Randomness Recommendations for Security
RFC 1750

 
Document Type RFC - Informational (December 1994; No errata)
Obsoleted by RFC 4086
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Network Working Group                                   D. Eastlake, 3rd
Request for Comments: 1750                                           DEC
Category: Informational                                       S. Crocker
                                                               Cybercash
                                                             J. Schiller
                                                                     MIT
                                                           December 1994

                Randomness Recommendations for Security

Status of this Memo

   This memo provides information for the Internet community.  This memo
   does not specify an Internet standard of any kind.  Distribution of
   this memo is unlimited.

Abstract

   Security systems today are built on increasingly strong cryptographic
   algorithms that foil pattern analysis attempts. However, the security
   of these systems is dependent on generating secret quantities for
   passwords, cryptographic keys, and similar quantities.  The use of
   pseudo-random processes to generate secret quantities can result in
   pseudo-security.  The sophisticated attacker of these security
   systems may find it easier to reproduce the environment that produced
   the secret quantities, searching the resulting small set of
   possibilities, than to locate the quantities in the whole of the
   number space.

   Choosing random quantities to foil a resourceful and motivated
   adversary is surprisingly difficult.  This paper points out many
   pitfalls in using traditional pseudo-random number generation
   techniques for choosing such quantities.  It recommends the use of
   truly random hardware techniques and shows that the existing hardware
   on many systems can be used for this purpose.  It provides
   suggestions to ameliorate the problem when a hardware solution is not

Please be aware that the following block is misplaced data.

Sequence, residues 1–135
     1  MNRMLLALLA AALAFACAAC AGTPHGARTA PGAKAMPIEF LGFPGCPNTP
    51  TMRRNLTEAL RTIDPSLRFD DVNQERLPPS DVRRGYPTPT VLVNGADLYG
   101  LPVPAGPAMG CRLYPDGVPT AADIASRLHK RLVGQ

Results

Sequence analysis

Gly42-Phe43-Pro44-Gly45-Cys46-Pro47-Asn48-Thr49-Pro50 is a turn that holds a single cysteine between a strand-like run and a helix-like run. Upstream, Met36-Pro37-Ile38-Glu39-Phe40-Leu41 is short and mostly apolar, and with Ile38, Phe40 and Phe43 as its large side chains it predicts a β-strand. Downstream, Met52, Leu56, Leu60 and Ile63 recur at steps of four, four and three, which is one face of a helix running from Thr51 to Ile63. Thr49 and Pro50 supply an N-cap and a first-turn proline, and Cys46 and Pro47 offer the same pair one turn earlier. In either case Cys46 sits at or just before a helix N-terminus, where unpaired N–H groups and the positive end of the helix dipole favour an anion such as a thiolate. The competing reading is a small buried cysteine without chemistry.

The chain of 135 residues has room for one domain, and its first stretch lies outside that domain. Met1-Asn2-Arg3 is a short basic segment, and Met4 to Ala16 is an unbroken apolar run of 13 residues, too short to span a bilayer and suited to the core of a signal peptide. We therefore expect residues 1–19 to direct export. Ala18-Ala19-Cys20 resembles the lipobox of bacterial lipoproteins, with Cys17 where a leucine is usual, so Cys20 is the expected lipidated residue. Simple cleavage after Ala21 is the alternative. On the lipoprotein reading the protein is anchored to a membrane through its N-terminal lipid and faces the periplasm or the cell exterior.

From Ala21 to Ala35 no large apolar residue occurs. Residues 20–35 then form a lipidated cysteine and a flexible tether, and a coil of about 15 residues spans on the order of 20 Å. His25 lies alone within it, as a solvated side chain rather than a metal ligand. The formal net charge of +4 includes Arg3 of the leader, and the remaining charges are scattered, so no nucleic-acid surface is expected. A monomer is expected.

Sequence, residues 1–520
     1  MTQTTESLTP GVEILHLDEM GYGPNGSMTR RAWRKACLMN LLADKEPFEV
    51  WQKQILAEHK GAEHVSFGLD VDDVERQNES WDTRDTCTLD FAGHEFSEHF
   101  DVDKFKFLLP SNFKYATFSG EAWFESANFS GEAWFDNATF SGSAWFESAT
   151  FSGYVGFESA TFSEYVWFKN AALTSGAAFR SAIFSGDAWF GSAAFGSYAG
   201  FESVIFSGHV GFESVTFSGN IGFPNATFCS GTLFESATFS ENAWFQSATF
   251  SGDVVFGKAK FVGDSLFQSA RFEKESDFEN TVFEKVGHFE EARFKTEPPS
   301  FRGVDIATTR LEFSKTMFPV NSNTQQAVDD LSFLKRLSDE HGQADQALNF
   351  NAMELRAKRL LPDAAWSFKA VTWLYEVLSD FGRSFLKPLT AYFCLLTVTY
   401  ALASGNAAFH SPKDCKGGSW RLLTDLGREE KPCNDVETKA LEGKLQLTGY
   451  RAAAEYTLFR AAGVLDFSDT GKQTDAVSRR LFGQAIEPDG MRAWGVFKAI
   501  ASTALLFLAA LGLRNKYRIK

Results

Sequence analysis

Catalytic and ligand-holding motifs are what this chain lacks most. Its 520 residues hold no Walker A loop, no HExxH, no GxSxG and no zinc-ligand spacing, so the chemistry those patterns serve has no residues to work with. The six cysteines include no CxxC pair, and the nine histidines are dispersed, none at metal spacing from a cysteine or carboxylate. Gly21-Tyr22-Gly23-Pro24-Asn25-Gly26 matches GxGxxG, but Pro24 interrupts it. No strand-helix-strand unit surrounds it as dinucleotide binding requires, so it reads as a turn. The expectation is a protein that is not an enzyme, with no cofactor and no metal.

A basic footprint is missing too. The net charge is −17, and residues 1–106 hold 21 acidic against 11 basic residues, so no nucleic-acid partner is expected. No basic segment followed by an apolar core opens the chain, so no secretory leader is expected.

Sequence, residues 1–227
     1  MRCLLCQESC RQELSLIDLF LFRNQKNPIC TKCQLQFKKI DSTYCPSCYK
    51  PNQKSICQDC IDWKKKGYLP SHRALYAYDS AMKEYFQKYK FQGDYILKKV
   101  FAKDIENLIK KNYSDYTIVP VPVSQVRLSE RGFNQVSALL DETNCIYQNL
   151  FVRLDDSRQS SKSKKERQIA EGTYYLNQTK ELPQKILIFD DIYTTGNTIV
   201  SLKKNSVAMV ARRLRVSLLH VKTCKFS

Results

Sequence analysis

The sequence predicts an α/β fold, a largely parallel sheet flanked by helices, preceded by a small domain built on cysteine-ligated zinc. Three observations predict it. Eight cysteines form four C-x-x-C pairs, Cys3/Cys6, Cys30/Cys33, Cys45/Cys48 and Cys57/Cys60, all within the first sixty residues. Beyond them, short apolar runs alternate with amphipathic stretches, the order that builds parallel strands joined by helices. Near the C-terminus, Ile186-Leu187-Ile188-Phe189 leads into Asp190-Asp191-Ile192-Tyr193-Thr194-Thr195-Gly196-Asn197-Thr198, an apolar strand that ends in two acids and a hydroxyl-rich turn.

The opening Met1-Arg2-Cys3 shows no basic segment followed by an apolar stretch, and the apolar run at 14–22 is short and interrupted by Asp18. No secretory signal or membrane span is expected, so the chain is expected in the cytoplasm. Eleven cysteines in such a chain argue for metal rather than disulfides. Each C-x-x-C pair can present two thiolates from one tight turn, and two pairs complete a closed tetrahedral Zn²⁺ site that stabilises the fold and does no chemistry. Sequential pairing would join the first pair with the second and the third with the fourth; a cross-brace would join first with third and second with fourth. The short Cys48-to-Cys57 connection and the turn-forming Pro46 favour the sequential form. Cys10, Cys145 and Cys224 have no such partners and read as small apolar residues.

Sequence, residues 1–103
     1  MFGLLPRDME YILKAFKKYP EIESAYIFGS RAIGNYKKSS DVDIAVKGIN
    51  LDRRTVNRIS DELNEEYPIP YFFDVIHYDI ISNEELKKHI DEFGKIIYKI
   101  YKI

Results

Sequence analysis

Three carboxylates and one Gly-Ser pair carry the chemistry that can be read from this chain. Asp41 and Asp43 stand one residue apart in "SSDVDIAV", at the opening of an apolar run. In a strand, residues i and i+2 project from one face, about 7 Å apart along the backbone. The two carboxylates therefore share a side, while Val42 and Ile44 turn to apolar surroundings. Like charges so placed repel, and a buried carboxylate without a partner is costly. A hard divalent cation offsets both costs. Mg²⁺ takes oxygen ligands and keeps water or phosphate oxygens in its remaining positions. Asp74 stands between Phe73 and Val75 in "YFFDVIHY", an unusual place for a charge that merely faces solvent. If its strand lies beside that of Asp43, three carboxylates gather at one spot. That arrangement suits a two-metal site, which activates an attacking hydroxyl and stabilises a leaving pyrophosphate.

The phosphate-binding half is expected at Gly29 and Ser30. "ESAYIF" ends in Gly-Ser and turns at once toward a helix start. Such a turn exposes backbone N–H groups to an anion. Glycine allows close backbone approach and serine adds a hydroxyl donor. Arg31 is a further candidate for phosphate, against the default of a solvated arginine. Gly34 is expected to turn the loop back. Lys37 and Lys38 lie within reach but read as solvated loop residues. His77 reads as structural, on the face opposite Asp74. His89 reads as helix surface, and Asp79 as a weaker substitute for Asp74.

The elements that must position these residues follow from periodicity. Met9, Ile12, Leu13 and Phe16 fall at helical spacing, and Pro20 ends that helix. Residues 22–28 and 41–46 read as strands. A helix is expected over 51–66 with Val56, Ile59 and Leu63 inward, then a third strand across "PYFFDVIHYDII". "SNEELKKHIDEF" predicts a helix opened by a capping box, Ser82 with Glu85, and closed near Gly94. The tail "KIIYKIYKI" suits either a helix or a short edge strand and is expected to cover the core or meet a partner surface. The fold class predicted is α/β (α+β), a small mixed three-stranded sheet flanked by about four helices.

available.  And it gives examples of how large such quantities need
   to be for some particular applications.

Eastlake, Crocker & Schiller                                    [Page 1]
RFC 1750        Randomness Recommendations for Security    December 1994

Acknowledgements

   Comments on this document that have been incorporated were received
   from (in alphabetic order) the following:

        David M. Balenson (TIS)
        Don Coppersmith (IBM)
        Don T. Davis (consultant)
        Carl Ellison (Stratus)
        Marc Horowitz (MIT)
        Christian Huitema (INRIA)
        Charlie Kaufman (IRIS)
        Steve Kent (BBN)
        Hal Murray (DEC)
        Neil Haller (Bellcore)
        Richard Pitkin (DEC)
        Tim Redmond (TIS)
        Doug Tygar (CMU)

Table of Contents

   1. Introduction........................................... 3
   2. Requirements........................................... 4
   3. Traditional Pseudo-Random Sequences.................... 5
   4. Unpredictability....................................... 7
   4.1 Problems with Clocks and Serial Numbers............... 7
   4.2 Timing and Content of External Events................  8
   4.3 The Fallacy of Complex Manipulation..................  8
   4.4 The Fallacy of Selection from a Large Database.......  9
   5. Hardware for Randomness............................... 10
   5.1 Volume Required...................................... 10
   5.2 Sensitivity to Skew.................................. 10
   5.2.1 Using Stream Parity to De-Skew..................... 11
   5.2.2 Using Transition Mappings to De-Skew............... 12
   5.2.3 Using FFT to De-Skew............................... 13
   5.2.4 Using Compression to De-Skew....................... 13
   5.3 Existing Hardware Can Be Used For Randomness......... 14
   5.3.1 Using Existing Sound/Video Input................... 14
   5.3.2 Using Existing Disk Drives......................... 14
   6. Recommended Non-Hardware Strategy..................... 14
   6.1 Mixing Functions..................................... 15
   6.1.1 A Trivial Mixing Function.......................... 15
   6.1.2 Stronger Mixing Functions.......................... 16
   6.1.3 Diff-Hellman as a Mixing Function.................. 17
   6.1.4 Using a Mixing Function to Stretch Random Bits..... 17
   6.1.5 Other Factors in Choosing a Mixing Function........ 18
   6.2 Non-Hardware Sources of Randomness................... 19
   6.3 Cryptographically Strong Sequences................... 19

Eastlake, Crocker & Schiller                                    [Page 2]
RFC 1750        Randomness Recommendations for Security    December 1994

   6.3.1 Traditional Strong Sequences....................... 20
   6.3.2 The Blum Blum Shub Sequence Generator.............. 21
   7. Key Generation Standards.............................. 22
   7.1 US DoD Recommendations for Password Generation....... 23
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